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Fur Traders

The [fur traders] would endure during and after the periods of French and English control of Michigan. The French had established trading posts at Michilimakinac and Detroit. The English trading was mostly done through a British firm call "Mackinaw Company". And, finally under the American's a newly formed enterprise call the "American Fur Company". The furs trade business was so important that trading posts would be established throughout Michigan along with protection from the U.S. government.

Fur Trader's Goods List - 27 Dec 1834
- 2 pieces of cloth
- 1/3 piece Scarlet cloth
- 2 prs. blankets 3 pt.
- 5 prs blanks 2-1/2 do "
- 2 prs. blankets 2 do
- 6 pieces of calico
- 1 ps. shawls
- 6 ribbon
- 1 lb. white beads
- 1-1/2 lb. black do
- 1 lb. cust glass do
- 1 lb. white cotton
- 2 ps. brown do
- 3 ps. factory do
- 1 doz. knives
- 1/2 keg powder
- 60 lb. balls
- 56 lb. shot
- 150 flints
- 3 copper kettles
- 5 prs. pantaloons
- 8 prs shoes
- 10 socks
- 1 lb Shread
- 200 needle
- 1-1/2 lb. vermilion
- 4 hoes
- 6 fire steels
- 4 hats
- 8 black plumes
- 60 prs. ear bobs
- 4 prs. ear wheels
- 4 sets broaches
- 1 box soap
- 8 bridles
- 6 lb. snuff
- 56 lb. tobacco
- 6 snuff boxes
- 4 silk hat covers
- 5 vests
- 1-1/2 doz. jews harps

One of the first traders mentioned in the valley, is Louis Tromble', a relative of Joseph and Mader Tromble. who would be Bay County's first permanent European resident. Louis was to die an unfortunate death from being speared by an Indian. He was quickly boarded on sail boat by two friends to take him to Detroit where the closest doctor was available. However, on the way they encounter a severe storm and Louis was knocked over board by blow from the sail's boom leading to him drowning.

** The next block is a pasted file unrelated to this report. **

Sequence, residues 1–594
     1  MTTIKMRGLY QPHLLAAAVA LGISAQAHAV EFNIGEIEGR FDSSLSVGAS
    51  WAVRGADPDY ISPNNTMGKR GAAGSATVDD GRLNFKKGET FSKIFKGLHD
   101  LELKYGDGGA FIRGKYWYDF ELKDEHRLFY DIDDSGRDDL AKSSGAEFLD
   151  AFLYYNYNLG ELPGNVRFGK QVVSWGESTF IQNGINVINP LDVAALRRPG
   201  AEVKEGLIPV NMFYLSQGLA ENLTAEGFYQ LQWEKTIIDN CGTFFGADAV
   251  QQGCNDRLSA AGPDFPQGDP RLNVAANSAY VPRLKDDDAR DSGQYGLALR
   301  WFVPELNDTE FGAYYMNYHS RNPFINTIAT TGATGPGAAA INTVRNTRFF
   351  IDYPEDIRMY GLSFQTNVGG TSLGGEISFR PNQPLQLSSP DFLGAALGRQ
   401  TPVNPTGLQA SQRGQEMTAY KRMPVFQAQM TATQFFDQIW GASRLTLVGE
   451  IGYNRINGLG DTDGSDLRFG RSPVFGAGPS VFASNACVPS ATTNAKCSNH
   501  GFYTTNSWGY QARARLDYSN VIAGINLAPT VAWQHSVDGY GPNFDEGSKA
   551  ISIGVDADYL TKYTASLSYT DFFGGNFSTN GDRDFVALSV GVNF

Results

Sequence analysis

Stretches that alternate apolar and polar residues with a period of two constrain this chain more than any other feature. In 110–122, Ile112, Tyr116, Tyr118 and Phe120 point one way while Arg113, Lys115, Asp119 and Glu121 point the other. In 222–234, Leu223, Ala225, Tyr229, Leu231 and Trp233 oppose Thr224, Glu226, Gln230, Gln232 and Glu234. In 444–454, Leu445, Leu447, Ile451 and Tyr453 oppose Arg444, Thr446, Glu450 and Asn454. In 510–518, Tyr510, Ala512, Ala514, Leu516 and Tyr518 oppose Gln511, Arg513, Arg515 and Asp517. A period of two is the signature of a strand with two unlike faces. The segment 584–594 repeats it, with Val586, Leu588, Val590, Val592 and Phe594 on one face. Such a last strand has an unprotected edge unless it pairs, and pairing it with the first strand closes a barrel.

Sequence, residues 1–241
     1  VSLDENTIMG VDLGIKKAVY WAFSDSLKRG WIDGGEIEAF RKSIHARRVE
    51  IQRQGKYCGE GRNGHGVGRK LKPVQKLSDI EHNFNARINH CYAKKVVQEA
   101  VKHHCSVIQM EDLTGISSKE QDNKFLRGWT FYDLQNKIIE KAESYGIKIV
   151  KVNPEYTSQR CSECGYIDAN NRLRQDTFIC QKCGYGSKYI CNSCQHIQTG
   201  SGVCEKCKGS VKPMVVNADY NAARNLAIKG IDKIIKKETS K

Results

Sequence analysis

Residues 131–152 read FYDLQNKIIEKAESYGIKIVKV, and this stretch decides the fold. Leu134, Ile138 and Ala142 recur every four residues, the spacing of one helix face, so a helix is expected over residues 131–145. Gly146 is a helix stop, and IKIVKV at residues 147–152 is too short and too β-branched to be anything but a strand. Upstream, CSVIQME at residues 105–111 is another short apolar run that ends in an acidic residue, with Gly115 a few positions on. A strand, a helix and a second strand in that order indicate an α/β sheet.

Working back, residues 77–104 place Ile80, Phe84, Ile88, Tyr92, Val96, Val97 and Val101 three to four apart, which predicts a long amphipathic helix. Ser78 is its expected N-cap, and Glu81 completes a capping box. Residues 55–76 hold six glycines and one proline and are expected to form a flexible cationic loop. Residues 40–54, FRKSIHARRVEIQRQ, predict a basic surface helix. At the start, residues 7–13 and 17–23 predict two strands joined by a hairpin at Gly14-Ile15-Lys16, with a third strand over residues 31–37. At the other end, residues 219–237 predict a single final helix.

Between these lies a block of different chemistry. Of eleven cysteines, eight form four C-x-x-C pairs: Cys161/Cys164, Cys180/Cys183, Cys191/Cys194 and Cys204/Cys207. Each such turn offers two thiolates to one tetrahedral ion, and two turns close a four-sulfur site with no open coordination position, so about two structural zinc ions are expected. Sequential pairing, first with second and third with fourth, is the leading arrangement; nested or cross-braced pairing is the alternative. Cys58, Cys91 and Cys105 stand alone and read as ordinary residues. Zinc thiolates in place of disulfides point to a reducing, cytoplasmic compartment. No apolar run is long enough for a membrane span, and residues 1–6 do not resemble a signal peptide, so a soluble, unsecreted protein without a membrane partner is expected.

About this same time period, Louis Campau settled in the area that would become the city of Saginaw. He was sent to the valley as a fur trader by his Uncle who ran merchant business in Detroit. Louis built himself a log home near what would now be Hamilton and Clinton Streets in Saginaw.

Very few fur traders actually lived in the valley. Most used Detroit as their home base where they would sell their furs and acquire trading goods. They would make the trip to the valley hauling heavy back packs of about 125 pounds stocked with goods for trading with the Indians. These later traders became very skillful in dealing with the Indians and at the time provided practical goods desired by the Indians such as blankets, ammunition, knives and other tools. Meeting these mutual needs helped to maintain a civility making the trading business lucrative for both parties.

The Saginaw River and Saginaw Bay would eventually become the primary means for hauling the increasing amount of goods back and forth to Detroit. Thus began the opening up of the Saginaw valley to many other white settlers who were to follow the fur traders.



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Joseph Tromble'

Mader Tromble'

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